"If you insist, Anita." I hated it when Bert said my name like that, like he was the headmaster and I was the student who had let him down. What he said next though froze my anger down to brittle embers that cracked and shattered as my gut contracted.

"Fifty million dollars."

When I could breathe again I glared at Bert, but it was a half-hearted effort that skidded off his current aura like stones on calm water. He looked at me with eyes that saw something other than a suddenly speechless animator; rather, they saw the Holy Grail, the end of all striving. It couldn't be real. No one would pay that much to speak to the dead. How many zombies would fifty million dollars raise? That gave me a thought that I grabbed onto in desperation.

"You could raise all the dead from the Civil-War for that much, and still have change to do Vietnam. The files only talk about one grave. Who in God's name could they want to talk too that much?"

Bert came back from wherever it was that an offer so huge had sent him and pushed the sheet of paper towards me again. I didn't want to pick it up, I didn't even want to look at it, but somehow I found it in my left hand while my right reached blindly for the mug of coffee I had brought in from my office this morning. I sipped coffee, seeking calm in an old friend. Then, because whatever the ill-informed might say, I'm only human, I began reading.

"I, the undersigned, do attest that the sum total of the estate belonging to HOWARD GIDEON HARKNESS be kept in trust until such a date as the specifications of his last will and testament shall be fulfilled. Upon which date the sum total of the said estate will pass to whomever is legally responsible for said fulfilment."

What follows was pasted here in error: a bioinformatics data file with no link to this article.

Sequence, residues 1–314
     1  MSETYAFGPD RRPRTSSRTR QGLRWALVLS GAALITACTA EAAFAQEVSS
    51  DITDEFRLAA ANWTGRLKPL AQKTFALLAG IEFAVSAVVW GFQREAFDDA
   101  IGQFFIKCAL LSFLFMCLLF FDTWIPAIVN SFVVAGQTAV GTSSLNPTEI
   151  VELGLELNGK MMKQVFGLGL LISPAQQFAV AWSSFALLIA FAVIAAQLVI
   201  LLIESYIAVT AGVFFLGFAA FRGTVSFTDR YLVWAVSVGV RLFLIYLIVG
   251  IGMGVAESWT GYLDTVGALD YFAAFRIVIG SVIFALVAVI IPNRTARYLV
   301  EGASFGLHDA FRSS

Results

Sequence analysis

Mortimer Leeton
Executor of the Estate

"The estate covers two hundred square kilometres of northern California." Said Bert, a little dreamily. " And there are properties in Europe, Australia and South Africa. Mr Harkness also had an account with a brokerage firm in Denver, which currently holds gilt-edged stocks in government bonds and long term securities. He died last year. No family, no other claimants. The Resurrection Company had first crack at it, but none of their people were powerful enough to raise the body. Elan Vital sent out their best animator, but that was a non-starter as well. So they sent the contract to us. To you. Raise this one corpse and it's all ours."

I was in a whirl, but from somewhere I found the strength to still the chaos in my head and think rationally. Bert still hadn't answered my question. The most anyone had ever offered in the past for a single raising was five million dollars. That had been in the `70's when a millionaire playboy had half-jokingly put up the sum for someone to raise Marilyn for a night of passion. To my knowledge there had been no takers, but for fifty million...

"Who did he want raised?"

"You'll take the job." It wasn't a question. For some reason that gave me some of my anger back. Another old friend that I can always turn to when the world gets crazy.

"Tell me who the fuck Harkness thought it that important to raise and I'll give you an answer."